If you want to enjoy a Scottish vacation in Skye and the Highlands of Scotland,Yoga Website Templates Articles you must first visit the capital city of the country: Edinburgh. Although Glasgow is the largest city in the country, in terms of both population and area, Edinburgh has the history and exudes a sense of times past in every street you walk.A personal tour of the Royal Mile is a must for any traveler to this historic city. The Royal Mile runs from Edinburgh Castle, that overlooks the city from the top of a volcanic plug, right down the detritus left by the last ice age to Holyrood Palace, the ancient seat of Scottish kings and queens, and the one-time home of Mary, Queen of where to buy pappy van winkle.

However, there is more in the Royal Mile than just that. Underneath the current streets lies an underground town: the original town of Edinburgh, and one that is said to be haunted. The most famous Ghostbusters of the modern day have failed to prove that the spirits haunting this part of Edinburgh are figments of the imagination – in fact many have run screaming from the vaults underneath Edinburgh’s Royal Mile. None have dared to claim the hauntings to be false.

You can visit these vaults – if you are brave enough – but only under the guidance of Edinburgh’s experienced guides that know where it is safe to take you – and where you dare not visit for fear of your sanity. Edinburgh is the ghost capital of Europe, if not the world, and if it is your desire to meet them, then the choice will not be yours: it will be theirs at a time and place of their choosing. So sleep well during your Scottish vacation and do not awaken in the night!

On a lighter vein, once you have left Edinburgh you should head for Fort William, nestled under the highest mountain in Britain – Ben Nevis. Small by American standards, but high enough at 4,500 ft. One man pushed a piano up Ben Nevis right to the summit. It is said the remains are still there – the piano’s, not the man’s. You can take a gondola ride up there and enjoy the breathtaking view of the Grampian mountain range.

However, before you get there, you must stop at Loch Fyne on the way, since this loch is famous for its fish, kippers and oysters that you can taste at the Loch Fyne Oyster Bar. You will also pass Loch Lomond, the longest fresh water Loch in Scotland, and also the most beautiful. Stop in Luss, on the banks of Loch Lomond, for a pint of beer and a visit to the bagpipe and kilt shop – they will send your purchases back home for you.

When you are in Fort William, don’t miss Glencoe to the south. This was the scene of the massacre of the MacDonalds by the Campbells in 1692 – it is an eerie and dangerous place and still said to be haunted by the ghosts of the MacDonalds. The MacDonalds had acted as hosts to the Campbells that winter, feeding and entertaining them for a week, and then were slaughtered during one night on the behest of the English king. No Scottish vacation is complete without a visit to Glencoe.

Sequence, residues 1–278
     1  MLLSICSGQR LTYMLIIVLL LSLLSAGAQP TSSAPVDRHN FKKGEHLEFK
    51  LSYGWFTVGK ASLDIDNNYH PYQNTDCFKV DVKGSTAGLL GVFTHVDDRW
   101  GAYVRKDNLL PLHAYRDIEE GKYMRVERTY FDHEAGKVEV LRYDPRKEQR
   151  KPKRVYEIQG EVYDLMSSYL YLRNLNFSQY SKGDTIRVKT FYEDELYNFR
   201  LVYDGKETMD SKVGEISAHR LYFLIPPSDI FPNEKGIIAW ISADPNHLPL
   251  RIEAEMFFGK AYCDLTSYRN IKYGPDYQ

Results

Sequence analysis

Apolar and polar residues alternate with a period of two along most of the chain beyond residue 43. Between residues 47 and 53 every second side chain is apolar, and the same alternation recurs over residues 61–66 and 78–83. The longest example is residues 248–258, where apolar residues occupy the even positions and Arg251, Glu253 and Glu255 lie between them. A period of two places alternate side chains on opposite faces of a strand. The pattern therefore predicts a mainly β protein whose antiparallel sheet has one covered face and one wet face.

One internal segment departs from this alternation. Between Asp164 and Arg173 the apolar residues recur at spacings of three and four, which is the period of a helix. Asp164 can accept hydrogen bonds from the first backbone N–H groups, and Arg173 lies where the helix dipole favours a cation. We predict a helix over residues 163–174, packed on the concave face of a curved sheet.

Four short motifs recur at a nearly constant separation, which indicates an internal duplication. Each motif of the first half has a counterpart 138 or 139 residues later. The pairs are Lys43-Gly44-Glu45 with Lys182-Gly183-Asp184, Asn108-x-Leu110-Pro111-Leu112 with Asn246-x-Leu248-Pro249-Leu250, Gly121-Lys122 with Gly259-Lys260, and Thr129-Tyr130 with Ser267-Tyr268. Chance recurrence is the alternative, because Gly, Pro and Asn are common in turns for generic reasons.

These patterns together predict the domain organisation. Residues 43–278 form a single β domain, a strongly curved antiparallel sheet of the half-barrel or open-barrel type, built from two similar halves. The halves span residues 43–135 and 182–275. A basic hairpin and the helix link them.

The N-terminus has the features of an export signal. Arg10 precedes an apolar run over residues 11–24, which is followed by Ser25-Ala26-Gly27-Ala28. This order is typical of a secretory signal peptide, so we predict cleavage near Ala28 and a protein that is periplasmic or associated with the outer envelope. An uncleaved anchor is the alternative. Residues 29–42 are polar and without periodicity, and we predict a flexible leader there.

Some scenes of the Harry Potter films were shot here, and you can also visit bleak Rannoch Moor close by, where many of the MacDonalds froze to death on that terrible night. There is still a feud between these two clans because of this betrayal, and the ghosts of the Macdonalds still walk the moor, waiting for any unwary Campbell to walk by. To this day no Campbell dare walk the moor or the Glen at night.

If your name is not Campbell, you can now get the ferry boat to the Hebridean island of Skye, and perhaps visit Dunvegan Castle, where the remnants of the Fairy Flag can be seen – the flag taken by the MacDonalds into every battle they fought. If you get the chance, travel round Skye and the other islands by boat and enjoy the beautiful Red Hills to the east of the island and the brooding Cuillan in the west.

You should then leave Skye over the new bridge that replaced the ferry from Kyleakin to the Kyle of Lochalsh, and head off down the Caledonian Canal route to Loch Ness. Perhaps you will be lucky enough to see the Loch Ness monster. Not many are, but I have ridden its back and it’s an enormous beast. However, I have been sworn to secrecy or I will disappear.

If you like your drink, or just a wee dram, stop off at one of the distilleries on Speyside. The Spey is the river that meets the Atlantic at Inverness, and is one of the purest rivers in Scotland. The whisky it produces is like nectar, and Glenlivet, Glen Grant and the Macallan are just three of the most famous of the 38 single malts distilled in this area. Each of them allows you to visit the distillery and taste the product. Don’t stop at them all or you will never reach your next hotel!


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